Consumer confidence is a timely measure of what Australian households think about their own finances and the state of the economy overall. In the week ending 29 March, the ANZ-Roy Morgan Consumer Confidence index plunged to the lowest level in the nearly-50-year history of that series.
The lessons from overseas are clear: unless Australians comprehensively comply with spatial distancing, those measures won’t work and our hospitals will be over-run.
It’s clear than many Australian households will need help if they loose their livelihoods through the COVID-19 crisis. They should be a high priority for the Morrison Government as it puts together its second economic support package.
The less people are physically near each other, the lower the rate of transmission of coronavirus. That’s why ‘social distancing’ – or more accurately, spatial distancing – is a key strategy to slow the spread of the virus.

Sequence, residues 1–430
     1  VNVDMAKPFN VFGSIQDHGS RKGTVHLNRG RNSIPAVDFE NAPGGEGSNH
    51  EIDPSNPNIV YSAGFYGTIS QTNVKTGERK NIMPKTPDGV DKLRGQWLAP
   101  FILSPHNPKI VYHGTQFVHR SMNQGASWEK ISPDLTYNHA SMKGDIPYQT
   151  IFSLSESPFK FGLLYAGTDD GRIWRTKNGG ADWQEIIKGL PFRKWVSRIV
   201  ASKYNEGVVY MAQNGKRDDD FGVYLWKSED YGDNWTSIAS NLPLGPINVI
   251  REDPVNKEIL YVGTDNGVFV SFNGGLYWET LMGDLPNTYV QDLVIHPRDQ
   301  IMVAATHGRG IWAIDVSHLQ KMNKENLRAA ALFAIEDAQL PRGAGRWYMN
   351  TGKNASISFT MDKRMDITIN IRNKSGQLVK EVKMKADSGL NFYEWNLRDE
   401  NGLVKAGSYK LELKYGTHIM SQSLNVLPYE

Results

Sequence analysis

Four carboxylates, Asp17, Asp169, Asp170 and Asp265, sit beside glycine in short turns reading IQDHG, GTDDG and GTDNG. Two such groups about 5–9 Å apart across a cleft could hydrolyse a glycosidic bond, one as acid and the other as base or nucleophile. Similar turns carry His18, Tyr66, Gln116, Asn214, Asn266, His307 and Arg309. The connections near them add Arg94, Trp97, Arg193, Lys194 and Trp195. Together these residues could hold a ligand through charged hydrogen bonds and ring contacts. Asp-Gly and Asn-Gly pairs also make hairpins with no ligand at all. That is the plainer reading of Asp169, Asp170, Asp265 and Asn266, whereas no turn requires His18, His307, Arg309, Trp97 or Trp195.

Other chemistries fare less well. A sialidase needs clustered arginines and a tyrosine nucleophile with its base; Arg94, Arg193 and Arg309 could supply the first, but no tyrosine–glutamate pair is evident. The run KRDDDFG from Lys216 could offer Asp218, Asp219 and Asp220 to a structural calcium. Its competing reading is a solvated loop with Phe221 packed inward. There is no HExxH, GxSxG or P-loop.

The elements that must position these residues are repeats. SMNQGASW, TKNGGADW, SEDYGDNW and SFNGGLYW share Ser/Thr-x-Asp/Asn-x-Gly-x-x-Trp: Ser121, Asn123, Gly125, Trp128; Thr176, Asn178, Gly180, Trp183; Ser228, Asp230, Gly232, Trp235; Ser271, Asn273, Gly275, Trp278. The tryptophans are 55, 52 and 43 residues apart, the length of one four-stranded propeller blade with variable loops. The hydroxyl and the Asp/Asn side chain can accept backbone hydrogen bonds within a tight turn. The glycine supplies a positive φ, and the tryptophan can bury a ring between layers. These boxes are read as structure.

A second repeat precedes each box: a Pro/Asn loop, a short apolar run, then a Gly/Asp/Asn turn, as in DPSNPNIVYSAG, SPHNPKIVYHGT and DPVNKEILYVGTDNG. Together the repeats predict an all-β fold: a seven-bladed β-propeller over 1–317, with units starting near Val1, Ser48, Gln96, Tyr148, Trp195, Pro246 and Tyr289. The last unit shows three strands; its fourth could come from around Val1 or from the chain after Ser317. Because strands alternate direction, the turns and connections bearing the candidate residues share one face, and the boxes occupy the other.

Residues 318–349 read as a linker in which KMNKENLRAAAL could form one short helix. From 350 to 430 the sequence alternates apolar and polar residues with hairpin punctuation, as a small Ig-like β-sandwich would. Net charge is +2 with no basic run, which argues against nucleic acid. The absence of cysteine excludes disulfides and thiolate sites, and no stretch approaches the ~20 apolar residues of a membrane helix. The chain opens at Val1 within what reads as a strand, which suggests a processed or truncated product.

The impact of the new measures by the Australian Government will take time to show up in official COVID-19 cases. It’s a step in the right direction, but we are unlikely to see the flow-through to lower case numbers for another week.
Over a third of Australian workers don’t have paid sick leave. They’re in a vulnerable position.
Australia currently has 100 diagnosed cases of coronavirus, as of 10 March. Countries that have hit the 100 case threshold fall into two camps: those that saw rapid spread of the disease, and those with a managed case load. Australia should act as soon as possible to ensure we join the latter camp.